4e D&D is not a "Tabletop MMO." It is not Massively Multiplayer, and is usually not played Online. Come up with better descriptions of your complaints, cuz this one means jack ****.
So...
1. There will probably be no challenges with a DC lower than 10 cuz PCs are heroes. I can imagine some simulated twisted panties over this.
2. Rogues will probably be able to "Take 10" right from 1st-level. Does this mean in an encounter, or perhaps nobody can "Take 10" normally? Extra speculation, I wonder how will this boon interact with 3e-style multiclassing.
3. Some published adventures will occasionally require busting out a grid. Possibly.


1.  Seems about right, as a general matter of avoidance.  I could see them including DCs that *start* lower than 10, but scale up (Say, an effect that requires a save every round of exposure, and gets harder to resist each time)
2. Sounds to me that rogues get the option to "Take 10" after rolling the dice to see if they got better than 10.  Which is awesome.
3. We both got the same thing out of this one.

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2. Sounds to me that rogues get the option to "Take 10" after rolling the dice to see if they got better than 10.  Which is awesome.


Upon looking again, appears you're right. Sort of like how Perception checks were handled in 4e - you roll, and then either take that result or your 'Passive Perception' score (10 + check modifier), whichever is higher.
4e D&D is not a "Tabletop MMO." It is not Massively Multiplayer, and is usually not played Online. Come up with better descriptions of your complaints, cuz this one means jack ****.
 Lots of stuff, of interest are:

No DCs below 10: Without serious penalties to the die roll, DCs below 10 don't make much sense from a mechanical point of view. If you can take 10 on a skill roll, chances are that without those hefty penalties you'd succeed anyway. This is pretty intuitive.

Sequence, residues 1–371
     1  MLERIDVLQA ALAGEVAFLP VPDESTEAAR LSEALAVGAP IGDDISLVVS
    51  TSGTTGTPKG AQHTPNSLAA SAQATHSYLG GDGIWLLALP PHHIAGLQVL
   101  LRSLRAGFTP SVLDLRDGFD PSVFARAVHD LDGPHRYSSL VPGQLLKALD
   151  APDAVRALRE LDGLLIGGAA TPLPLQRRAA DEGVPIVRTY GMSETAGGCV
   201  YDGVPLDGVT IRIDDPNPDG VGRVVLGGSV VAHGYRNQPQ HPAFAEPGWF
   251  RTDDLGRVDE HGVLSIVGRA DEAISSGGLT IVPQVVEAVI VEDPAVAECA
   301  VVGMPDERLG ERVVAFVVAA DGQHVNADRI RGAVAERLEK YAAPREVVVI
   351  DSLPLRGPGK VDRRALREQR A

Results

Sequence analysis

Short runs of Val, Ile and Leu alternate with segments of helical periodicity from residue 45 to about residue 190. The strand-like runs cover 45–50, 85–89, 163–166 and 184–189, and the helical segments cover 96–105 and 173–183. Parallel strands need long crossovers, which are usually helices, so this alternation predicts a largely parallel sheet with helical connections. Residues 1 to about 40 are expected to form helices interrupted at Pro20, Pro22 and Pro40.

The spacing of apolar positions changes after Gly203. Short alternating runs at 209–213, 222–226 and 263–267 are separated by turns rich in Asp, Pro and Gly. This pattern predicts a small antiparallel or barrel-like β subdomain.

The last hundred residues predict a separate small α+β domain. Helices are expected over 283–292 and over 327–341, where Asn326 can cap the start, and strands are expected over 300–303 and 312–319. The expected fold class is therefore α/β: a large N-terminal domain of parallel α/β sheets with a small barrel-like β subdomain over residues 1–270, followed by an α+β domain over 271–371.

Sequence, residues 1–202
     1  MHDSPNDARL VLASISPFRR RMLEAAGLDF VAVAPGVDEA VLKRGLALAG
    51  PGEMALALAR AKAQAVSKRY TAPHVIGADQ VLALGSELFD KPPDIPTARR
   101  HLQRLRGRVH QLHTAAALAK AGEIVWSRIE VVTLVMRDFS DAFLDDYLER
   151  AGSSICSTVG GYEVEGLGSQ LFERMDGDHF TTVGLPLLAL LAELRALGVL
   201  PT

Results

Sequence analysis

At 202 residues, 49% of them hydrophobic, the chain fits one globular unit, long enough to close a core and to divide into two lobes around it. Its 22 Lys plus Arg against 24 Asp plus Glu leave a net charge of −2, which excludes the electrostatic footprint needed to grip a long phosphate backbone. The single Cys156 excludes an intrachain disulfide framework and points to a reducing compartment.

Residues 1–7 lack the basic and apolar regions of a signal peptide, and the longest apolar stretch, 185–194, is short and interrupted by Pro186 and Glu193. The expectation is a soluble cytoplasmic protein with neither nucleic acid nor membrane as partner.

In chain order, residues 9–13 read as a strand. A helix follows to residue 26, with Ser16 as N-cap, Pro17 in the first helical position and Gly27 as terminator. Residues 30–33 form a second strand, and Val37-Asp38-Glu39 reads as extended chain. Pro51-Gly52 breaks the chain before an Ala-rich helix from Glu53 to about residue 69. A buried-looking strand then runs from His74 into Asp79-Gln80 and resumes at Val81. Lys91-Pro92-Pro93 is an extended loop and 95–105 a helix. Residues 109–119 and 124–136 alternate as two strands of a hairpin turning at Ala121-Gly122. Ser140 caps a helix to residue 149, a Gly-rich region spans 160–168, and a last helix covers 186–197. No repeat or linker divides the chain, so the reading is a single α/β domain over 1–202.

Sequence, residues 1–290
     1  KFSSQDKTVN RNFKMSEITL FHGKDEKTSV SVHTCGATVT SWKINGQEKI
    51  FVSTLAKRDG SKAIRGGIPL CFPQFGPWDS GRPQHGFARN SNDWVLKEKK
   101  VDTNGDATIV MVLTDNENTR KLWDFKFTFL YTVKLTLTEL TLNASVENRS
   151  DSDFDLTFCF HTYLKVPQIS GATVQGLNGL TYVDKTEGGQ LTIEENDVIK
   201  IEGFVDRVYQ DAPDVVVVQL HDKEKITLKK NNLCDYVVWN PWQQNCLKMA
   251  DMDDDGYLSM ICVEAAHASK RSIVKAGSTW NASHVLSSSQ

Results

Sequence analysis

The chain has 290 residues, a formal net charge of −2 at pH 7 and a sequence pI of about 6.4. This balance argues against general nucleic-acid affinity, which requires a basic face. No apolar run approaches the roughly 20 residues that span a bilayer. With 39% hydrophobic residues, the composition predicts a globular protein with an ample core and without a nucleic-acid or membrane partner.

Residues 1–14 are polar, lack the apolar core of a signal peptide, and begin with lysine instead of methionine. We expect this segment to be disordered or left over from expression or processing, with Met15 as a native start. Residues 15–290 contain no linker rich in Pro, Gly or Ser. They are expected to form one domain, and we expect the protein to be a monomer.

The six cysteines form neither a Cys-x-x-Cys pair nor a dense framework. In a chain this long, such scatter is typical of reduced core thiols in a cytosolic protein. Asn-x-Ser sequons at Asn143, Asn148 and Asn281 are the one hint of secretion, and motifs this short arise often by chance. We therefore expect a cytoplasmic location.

Rogues: They can roll and take 10, choosing the best result... Nice, I like that.

Pretty much what I expect. Tableau Vivant for those that want it. Theatre of the Mind for those that want it, but like in pre-3e, some complex battles will probably warrant a grid or other type of noting of positions.

 I'm actually surprised that it'll be that soon for character creation, I expected more time spent on the basic building blocks than that.
Rule of 3 Haiku Time!

Auto-successes?
If your score exceeds DCs.
Rogues always take 10.

Grids ever required?
Grids are for tactical play
Options, not mandates.

PC creation?
Let's work on the base rules first.
Then maybe two months?
There will probably be no challenges with a DC lower than 10 cuz PCs are heroes. I can imagine some simulated twisted panties over this.


Yes.  Something with a DC lower than 10 is by definition not a challenge.  I don't see that as a problem...
D&D Next = D&D: Quantum Edition